1. Expert Q&A: Protecting a person with dementia from financial abuse - Weds 26 June, 3:30-4:30 pm

    Financial abuse can have serious consequences for a person with dementia. Find out how to protect a person with dementia from financial abuse.

    Sam, our Knowledge Officer (Legal and Welfare Rights) is our expert on this topic. She will be here to answer your questions on Wednesday 26 June between 3:30 - 4:30 pm.

    You can either post questions >here< or email them to us at talkingpoint@alzheimers.org.uk and we'll answer as many as we can on the day.

HELP -- Distraught !!

Discussion in 'ARCHIVE FORUM: Support discussions' started by Guppy, Aug 6, 2007.

  1. Guppy

    Guppy Registered User

    Aug 6, 2007
    1
    FIFE
    Hi all,

    My name is Andy, my father has been diagnosed with Altzhiemer's. I have read as much as i can and i understand the disease to a degree.

    I have accepted that it is terminal, and i have explained all what i have learned from this great site to my mother, who is as you can understand distraught.

    My father is 69 yrs old and at the moment is only forgetting once in a while, however hi writing skills have deteriorated to the extent that is writing is non - ledgable.

    My mother keeps asked roughly how long he has to live as she would like to give him the best she can while he can remember out of life, so far i have been unable to acertain roughly how long this disease takes before it overcome the host.

    Please, i would appreciate if anyone could give me some idea as to how long it all lasts so that i can help my mother.

    regards
     
  2. Cate

    Cate Registered User

    Jul 2, 2006
    1,370
    Newport, Gwent
    #2 Cate, Aug 6, 2007
    Last edited: Aug 6, 2007
    Hi Andy

    So very sorry that your dad has had the diagnosis of AD.

    Sadly there are no 'rules' in terms of deterioration or life expectancy. Your dad may be affected by some of the behaviours/difficulties you have no doubt read about; there is no way of telling. It’s very much day by day, month by month, year by year.

    There are some practicalities that you can discuss with your parents, such as Enduring Power of Attorney.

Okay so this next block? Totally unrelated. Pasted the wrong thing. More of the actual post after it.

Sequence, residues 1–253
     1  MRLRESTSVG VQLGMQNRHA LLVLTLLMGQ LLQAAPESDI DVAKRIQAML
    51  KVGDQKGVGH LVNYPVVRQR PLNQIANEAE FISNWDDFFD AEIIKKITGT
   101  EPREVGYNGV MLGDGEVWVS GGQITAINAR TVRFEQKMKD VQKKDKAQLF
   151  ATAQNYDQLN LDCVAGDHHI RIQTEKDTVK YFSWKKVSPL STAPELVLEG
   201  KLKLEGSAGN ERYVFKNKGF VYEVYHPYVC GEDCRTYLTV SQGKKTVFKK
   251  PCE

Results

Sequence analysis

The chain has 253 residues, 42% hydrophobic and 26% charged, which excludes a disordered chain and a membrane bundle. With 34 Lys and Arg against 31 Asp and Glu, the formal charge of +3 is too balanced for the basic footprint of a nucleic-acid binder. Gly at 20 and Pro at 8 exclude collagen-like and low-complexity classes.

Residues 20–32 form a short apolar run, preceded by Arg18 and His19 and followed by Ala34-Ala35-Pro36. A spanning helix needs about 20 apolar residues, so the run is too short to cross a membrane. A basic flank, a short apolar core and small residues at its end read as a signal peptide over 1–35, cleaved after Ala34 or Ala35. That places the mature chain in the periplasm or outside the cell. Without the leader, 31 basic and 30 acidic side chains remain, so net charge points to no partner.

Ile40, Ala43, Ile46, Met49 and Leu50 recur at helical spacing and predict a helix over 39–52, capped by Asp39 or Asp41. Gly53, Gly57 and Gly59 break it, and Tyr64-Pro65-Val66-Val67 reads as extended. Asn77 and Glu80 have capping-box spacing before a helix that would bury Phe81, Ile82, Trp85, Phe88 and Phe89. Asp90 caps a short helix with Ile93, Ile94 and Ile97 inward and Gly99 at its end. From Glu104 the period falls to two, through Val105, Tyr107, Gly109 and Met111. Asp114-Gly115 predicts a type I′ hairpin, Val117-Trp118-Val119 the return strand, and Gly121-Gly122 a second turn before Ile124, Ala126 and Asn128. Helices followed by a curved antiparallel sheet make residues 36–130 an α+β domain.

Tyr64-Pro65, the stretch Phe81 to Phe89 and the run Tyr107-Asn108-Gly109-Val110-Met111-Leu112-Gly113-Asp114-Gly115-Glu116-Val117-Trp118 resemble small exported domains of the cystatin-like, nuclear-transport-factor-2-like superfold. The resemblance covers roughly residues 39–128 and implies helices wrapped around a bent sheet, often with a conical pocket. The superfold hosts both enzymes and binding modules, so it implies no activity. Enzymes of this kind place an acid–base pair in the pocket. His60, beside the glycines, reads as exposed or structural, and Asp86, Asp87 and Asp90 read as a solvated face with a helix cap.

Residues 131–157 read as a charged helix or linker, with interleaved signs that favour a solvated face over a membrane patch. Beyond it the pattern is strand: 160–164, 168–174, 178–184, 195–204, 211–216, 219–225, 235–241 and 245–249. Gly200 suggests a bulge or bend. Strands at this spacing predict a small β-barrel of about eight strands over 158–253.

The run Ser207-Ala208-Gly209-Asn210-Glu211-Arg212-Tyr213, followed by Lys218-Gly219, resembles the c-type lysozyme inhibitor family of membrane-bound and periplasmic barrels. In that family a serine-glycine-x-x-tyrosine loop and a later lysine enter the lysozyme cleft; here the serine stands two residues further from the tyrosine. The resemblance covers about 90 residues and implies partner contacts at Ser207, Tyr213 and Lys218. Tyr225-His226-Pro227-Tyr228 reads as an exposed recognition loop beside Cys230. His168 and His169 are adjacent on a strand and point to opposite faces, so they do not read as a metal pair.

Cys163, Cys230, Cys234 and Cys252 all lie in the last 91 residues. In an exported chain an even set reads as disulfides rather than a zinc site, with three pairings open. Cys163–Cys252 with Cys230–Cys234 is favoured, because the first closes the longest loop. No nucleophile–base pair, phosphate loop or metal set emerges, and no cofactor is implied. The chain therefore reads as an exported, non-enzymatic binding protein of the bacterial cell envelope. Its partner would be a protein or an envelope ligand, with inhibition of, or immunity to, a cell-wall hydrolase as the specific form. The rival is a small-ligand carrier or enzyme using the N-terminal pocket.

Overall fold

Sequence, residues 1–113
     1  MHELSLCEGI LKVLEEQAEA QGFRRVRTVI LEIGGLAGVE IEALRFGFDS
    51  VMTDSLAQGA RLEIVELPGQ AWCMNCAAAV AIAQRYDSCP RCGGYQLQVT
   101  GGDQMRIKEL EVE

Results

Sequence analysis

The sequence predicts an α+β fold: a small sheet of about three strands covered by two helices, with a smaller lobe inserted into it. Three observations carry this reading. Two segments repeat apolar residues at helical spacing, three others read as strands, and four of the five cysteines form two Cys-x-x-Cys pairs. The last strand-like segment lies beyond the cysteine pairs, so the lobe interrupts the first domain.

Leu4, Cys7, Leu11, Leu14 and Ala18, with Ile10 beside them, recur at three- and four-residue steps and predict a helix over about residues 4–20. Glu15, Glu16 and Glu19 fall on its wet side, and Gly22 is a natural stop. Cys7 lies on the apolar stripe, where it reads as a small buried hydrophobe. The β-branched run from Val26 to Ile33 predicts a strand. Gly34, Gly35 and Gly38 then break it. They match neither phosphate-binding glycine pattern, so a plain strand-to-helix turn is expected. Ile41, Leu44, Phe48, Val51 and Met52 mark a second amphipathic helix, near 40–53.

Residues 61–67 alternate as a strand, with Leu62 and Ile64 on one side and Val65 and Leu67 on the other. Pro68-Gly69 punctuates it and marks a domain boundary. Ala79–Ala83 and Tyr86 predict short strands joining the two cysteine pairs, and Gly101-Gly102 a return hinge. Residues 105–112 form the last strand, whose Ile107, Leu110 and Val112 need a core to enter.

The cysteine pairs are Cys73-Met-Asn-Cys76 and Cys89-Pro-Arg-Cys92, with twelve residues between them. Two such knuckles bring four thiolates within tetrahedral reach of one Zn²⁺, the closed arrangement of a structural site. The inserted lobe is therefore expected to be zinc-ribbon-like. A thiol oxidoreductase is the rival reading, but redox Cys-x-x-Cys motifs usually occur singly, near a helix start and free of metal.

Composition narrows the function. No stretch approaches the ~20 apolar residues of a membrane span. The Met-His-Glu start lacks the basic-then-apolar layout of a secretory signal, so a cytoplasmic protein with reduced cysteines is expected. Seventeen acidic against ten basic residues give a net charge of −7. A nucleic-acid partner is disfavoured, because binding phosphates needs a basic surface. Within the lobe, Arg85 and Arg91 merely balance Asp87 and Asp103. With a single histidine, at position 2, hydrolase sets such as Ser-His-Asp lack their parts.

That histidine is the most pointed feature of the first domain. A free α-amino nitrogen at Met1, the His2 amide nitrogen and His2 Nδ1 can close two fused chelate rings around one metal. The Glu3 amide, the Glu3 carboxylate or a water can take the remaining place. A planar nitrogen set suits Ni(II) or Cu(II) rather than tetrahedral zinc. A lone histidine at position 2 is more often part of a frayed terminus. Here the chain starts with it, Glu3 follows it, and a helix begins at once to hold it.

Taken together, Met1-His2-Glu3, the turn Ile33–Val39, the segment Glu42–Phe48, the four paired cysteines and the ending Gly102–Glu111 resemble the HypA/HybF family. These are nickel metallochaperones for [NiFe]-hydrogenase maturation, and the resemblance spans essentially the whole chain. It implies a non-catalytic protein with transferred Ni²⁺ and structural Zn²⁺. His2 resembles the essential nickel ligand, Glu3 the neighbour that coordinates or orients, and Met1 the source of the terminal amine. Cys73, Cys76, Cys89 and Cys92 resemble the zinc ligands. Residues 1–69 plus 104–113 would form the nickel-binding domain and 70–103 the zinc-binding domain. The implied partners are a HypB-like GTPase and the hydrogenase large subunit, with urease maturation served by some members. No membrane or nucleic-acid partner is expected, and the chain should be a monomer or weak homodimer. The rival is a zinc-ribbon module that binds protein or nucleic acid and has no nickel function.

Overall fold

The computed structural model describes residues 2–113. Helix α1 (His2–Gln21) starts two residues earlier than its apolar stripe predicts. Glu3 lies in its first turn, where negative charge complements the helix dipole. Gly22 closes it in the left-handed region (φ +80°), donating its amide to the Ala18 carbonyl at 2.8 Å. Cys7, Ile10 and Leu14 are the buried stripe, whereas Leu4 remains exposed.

My advice would be for them to live their lives as normally as possible. Try not to look too far into the future. It may well be years before you see any real marked deterioration in your dad, so enjoy life as much as you all can.

    It’s human nature to ‘watch’ for any little sign, especially in the early days, my advice would be, as much as you can, don’t.

    Keep posting, and keep asking questions as and when you need to.

    Best wishes

    Cate
     
  3. Brucie

    Brucie Registered User

    Jan 31, 2004
    12,413
    near London
    Hi Andy, and welcome to Talking Point.

    I'm afraid you ask a question that is almost impossible to answer helpfully.

    The duration of dementia depends on all sorts of things - the type of dementia, the age of the person, their health history, their physical and mental shape, the stage of the dementia they are at, the care they receive.

    Some of us have been caring for nearly 20 years, while others find that the process is very much shorter.
    However, since you ask a simpler question to answer as well...
    - the reply to that is to make each day count.

    Approach the whole thing a step at a time, day by day. Wring the most you can out of each day.

    ... and take care of yourselves as well as your Dad.
     
  4. Lucille

    Lucille Registered User

    Sep 10, 2005
    542
    Hello Andy

    Welcome to TP. So sorry to hear about your dad.

    As Bruce and Cate have said, there is nothing precise about this disease. Each person is different.

    I have found that taking it a day at a time helps me get through. Mum, I think, also takes this approach (but I guess this has been her mantra all her life) ... always look on the bright side! Of course, now there's an element in there which is the disease which makes her refuse to accept there's anything wrong!

    It's so difficult. Just support your mum as best you can so she can help your dad; deal with any practical issues - like the EPA that Cate mentioned. Enlist some support from the professionals and post here again and let us know how you are ... or to sound off!

    With best wishes.
     
  5. Kathleen

    Kathleen Registered User

    Mar 12, 2005
    639
    West Sussex
    Hello Andy

    The question of how long your Dad has to live is impossible to answer, really.

    It is dependant on too many variables, with AZ each case seems unique.

    Some deteriorate very slowly, others fairly rapidly, others in steps........stable for a while, then a drop before stabilising again.

    With Mum, now 76 years old.......7 years from when her closest family noticed subtle changes we now know were AZ........ it is a slow but steady deterioration, she has lost the ability to do so many things, but by focusing on what still makes her happy, she has a good quality of life still.

    Take it slowly and try to focus on the positives, it won't alter the course of the disease, but will make it easier to cope with.